Financial Times Deutschland

Financial Times Deutschland
Owner(s) Gruner + Jahr
Editor Steffen Klusmann
Founded 21 February 2000
Political alignment Keynesianism[1]
Language German
Ceased publication 7 December 2012
Headquarters Hamburg, Germany
Circulation 103,000
ISSN 1615-4118

The Financial Times Deutschland was a German-language financial newspaper based in Hamburg, Germany, published by Bertelsmann's Gruner + Jahr newspaper and magazine division. The daily contained four sections: Business, Politics & Economy, Finance, and Agenda (Comment, Analysis, Sport, Culture). It ceased publication on 7 December 2012.[2]

History and profile

Financial Times Deutschland was founded at the height of the dot-com bubble on 21 February 2000[3] as a joint venture between UK Financial Times publisher Pearson and Gruner + Jahr.[4][5] The paper's original editor was Andrew Gowers.[6] Circulation grew to 103,000 readers by the third quarter of 2007, however the paper never turned a profit.[7] At the beginning of 2008 Pearson sold their stake to Gruner + Jahr for €10m and an agreement to receive annual licence fees of €500,000.[5][8] Following the sale to Gruner + Jahr, the FT Deutschland became no longer subject to any editorial control from the Financial Times.[9]

The circulations of the daily in 2008, in 2009 and in 2010 were 112,238 copies, 103,276 copies and 103,609 copies, respectively.[10]


In November 2012, Gruner + Jahr announced the closure of Financial Times Deutschland as part of a restructuring of their economics publishing division, having failed to find a buyer for the title.[7] G + J estimate that the FTD made a cumulative loss of €250m over its 12-year life.[5] The last print edition was published on 7 December 2012[11] displaying an all black front cover featuring the words "Endlich schwarz" ("At last, black" alluding to never having booked a profit since inception).[12] The final issue was named Final Time Deutschland.[13] The paper's internet presence was also closed.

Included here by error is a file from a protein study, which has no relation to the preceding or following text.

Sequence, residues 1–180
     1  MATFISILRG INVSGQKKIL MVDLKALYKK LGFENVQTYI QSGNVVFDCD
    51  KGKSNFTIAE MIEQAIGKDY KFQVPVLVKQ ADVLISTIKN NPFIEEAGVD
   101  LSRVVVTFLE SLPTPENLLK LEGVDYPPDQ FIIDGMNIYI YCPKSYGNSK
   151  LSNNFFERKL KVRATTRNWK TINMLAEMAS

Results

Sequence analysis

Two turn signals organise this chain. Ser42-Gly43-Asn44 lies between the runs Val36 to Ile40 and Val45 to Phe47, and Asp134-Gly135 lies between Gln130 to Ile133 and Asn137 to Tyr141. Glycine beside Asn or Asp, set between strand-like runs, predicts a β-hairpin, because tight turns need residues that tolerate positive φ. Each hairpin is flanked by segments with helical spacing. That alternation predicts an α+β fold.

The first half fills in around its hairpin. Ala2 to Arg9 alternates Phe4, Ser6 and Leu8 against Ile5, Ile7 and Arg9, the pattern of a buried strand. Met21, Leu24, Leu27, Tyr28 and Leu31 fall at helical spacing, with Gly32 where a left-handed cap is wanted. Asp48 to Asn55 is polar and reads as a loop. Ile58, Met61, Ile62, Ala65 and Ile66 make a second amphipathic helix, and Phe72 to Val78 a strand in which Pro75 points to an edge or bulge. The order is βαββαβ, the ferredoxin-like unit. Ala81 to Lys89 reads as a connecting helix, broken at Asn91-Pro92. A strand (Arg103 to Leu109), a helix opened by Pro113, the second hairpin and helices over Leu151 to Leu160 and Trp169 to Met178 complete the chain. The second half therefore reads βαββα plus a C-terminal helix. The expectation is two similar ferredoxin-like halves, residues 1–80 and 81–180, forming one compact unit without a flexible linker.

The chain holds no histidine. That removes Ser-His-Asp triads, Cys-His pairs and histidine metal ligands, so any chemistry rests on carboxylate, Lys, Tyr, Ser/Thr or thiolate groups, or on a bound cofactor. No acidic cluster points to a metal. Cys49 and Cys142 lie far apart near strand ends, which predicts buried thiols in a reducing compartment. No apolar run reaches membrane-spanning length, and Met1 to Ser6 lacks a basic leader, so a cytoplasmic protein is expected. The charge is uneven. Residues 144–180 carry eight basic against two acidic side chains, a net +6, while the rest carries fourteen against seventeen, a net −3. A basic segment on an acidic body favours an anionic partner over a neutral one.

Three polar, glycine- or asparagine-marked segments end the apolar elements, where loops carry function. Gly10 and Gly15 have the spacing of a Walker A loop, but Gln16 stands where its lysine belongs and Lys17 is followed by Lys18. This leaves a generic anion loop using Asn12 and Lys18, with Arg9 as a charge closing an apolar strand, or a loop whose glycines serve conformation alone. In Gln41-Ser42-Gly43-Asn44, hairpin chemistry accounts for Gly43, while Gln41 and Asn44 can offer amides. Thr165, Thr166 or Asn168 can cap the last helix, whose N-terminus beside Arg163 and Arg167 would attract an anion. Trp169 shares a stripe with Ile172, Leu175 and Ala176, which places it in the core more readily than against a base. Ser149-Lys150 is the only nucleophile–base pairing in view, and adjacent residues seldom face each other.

The final editor was Steffen Klusmann, who had taken the role on 1 August 2004 following the defection of Christoph Keese to rival Welt am Sonntag.

Following the closure, memorabilia from the newspaper was auctioned off, with the proceeds being donated to press freedom advocates Reporters Without Borders.[14]


  1. Von Jan Mallien. "US-Ökonom Allan Meltzer: "Keynes' Politik ist ausrangiert"". Handelsblatt (in German). Retrieved 12 December 2012.
  2. Germany's Financial Times Deutschland closes after huge losses, Guardian, London, 7 December 2012.Retrieved: 20 December 2012.
  3. Carsten Croonenbroeck; Roman Matkovskyy (July 2013). "Is the Market Held by Institutional Investors? The Disposition Effect Revisited." (Discussion paper. No: 338). European University Viadrina Frankfurt. Retrieved 3 February 2015.
  4. "FTD-Historie: 12 Jahre in Bildern". Financial Times Deutschland. Retrieved 7 December 2012.
  5. 1 2 3 Gerrit Wiesmann (23 November 2012). "FT Deutschland closure date confirmed". Financial Times. Retrieved 7 December 2012.
  6. Gareth Jones (7 December 2012). "Gloom and jokes as Financial Times Deutschland laid to rest". Reuters. Retrieved 7 December 2012.
  7. 1 2 Nadine Schimroszik (23 November 2012). "Financial Times Deutschland to close". The Guardian. Retrieved 7 December 2012.
  8. "Gruner + Jahr Becomes Sole Shareholder of FINANCIAL TIMES DEUTSCHLAND". Gruner + Jahr. 29 January 2008. Retrieved 3 May 2015.
  9. John McDermott (3 October 2011). "Papandreou mulls resignation, says FT Deutschland". Financial Times. Retrieved 7 December 2012.
  10. "National newspapers total circulation". International Federation of Audit Bureaux of Circulations. Retrieved 7 October 2013.
  11. Shannon Smith (29 November 2012). "In Germany, the price of journalism". ZD Net. Berlin. Retrieved 25 April 2015.
  12. Rob Wile (7 December 2012). "FT Deutschland Final Issue". Business Insider. Retrieved 7 December 2012.
  13. Alison Langley (12 December 2012). "Europe's newspapers are dying too". Columbia Journalism Review. Retrieved 6 October 2013.
  14. "German newspapers: So farewell then, FTD". The Economist. 8 December 2012. Retrieved 15 January 2013.
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